I’ve always loved George Sanders with his easy smooth talking suave style. Niven recounts various stories about him including some about his relationship with Zsa Zsa Gabor. During the break up of their marriage they stayed fairly friendly. However, George was well aware of the California divorce laws and decided that it was important to have evidence of Zsa Zsa’s relationship with her new lover. His plan was to break into his house –that Zsa Zsa had contrived to still live in- and photograph her in the arms of her new man. In case entry to the house proved difficult he took along his lawyer, a photographer and a brick with which to break in. Conscious of looking suspicious carrying the brick he gift wrapped it. On arrival at the lover’s nest the bedroom door was conveniently unlocked. They entered, took the appropriate evidentiary picture and then when tempers had cooled they all trooped down to the lounge. It was Christmas time and Zsa Zsa mentioned that George’s present was under the tree. Sanders passed her the brick, still gift wrapped and said ‘and here is yours!’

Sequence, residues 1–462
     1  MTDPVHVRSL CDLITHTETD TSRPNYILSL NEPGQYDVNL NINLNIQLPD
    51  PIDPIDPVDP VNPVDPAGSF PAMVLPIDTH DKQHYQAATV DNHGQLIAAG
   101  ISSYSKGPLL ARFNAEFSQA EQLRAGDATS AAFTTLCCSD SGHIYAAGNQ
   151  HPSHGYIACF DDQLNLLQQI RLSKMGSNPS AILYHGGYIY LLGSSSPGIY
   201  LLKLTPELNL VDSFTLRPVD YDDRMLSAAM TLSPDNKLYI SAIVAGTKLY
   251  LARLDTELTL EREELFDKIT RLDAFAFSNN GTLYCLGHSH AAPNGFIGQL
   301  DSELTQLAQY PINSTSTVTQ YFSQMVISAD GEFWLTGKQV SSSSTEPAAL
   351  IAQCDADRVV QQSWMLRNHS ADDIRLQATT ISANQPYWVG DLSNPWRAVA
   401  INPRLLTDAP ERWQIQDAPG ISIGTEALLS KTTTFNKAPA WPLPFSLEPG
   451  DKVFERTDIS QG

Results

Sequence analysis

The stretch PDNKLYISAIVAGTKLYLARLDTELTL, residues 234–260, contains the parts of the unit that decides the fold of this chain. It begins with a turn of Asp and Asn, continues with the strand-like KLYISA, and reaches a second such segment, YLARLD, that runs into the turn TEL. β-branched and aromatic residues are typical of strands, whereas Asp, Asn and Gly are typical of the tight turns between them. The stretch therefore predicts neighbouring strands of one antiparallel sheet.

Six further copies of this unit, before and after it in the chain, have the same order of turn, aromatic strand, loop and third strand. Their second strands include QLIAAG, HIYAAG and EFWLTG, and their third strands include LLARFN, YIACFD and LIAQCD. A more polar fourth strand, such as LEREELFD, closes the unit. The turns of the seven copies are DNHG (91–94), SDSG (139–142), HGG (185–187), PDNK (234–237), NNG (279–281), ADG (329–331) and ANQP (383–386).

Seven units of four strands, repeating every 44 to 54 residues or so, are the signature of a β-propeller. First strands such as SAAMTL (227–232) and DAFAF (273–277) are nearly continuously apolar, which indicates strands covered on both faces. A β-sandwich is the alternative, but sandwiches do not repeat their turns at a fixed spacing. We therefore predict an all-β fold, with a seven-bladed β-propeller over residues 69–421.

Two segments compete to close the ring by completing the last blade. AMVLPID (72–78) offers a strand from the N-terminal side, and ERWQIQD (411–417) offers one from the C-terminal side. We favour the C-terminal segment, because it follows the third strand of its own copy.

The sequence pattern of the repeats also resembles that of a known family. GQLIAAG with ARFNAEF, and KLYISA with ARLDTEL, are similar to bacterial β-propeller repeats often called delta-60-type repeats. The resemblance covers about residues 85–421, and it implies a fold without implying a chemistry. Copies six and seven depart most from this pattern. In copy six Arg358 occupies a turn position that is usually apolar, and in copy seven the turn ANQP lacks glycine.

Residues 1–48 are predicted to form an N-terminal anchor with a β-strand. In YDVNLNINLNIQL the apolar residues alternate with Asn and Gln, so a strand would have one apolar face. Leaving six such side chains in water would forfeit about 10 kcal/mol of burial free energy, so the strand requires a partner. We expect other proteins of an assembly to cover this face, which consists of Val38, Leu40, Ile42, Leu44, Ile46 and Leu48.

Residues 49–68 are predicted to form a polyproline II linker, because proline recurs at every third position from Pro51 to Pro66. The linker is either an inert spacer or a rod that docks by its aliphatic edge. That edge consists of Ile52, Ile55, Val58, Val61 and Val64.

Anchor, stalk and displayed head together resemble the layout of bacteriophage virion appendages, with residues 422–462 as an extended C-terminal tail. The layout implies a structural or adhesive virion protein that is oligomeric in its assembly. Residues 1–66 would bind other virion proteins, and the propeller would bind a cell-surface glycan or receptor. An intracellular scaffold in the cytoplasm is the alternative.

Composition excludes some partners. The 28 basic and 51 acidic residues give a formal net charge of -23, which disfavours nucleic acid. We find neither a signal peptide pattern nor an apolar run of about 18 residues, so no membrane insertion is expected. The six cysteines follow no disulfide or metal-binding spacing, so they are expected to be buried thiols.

Many famous places appear in Niven’s book; the Brown Derby restaurant, Chasen’s and many other bars and restaurants frequented by long gone stars; Ava Gardner, Monroe, Rita Hayworth, Orsen Welles and many more. Niven also recounts a visit to some distant drinking den frequented by Robert Newton who appeared with Niven in ‘Around the World in 80 Days’. Niven and Newton imbibed a generous amount of alcohol but when Newton began to disclaim various Shakespearean passages to the locals Niven realised it was time to leave. The pair had arrived straight from the studio and David had no money with him so it was with some surprise that he heard Newton hiss that he had none either. “We have a tricky situation here” observed Newton rolling his eyes.

Happily the two made a quick exit in Newton’s Chauffeur driven ancient Rolls.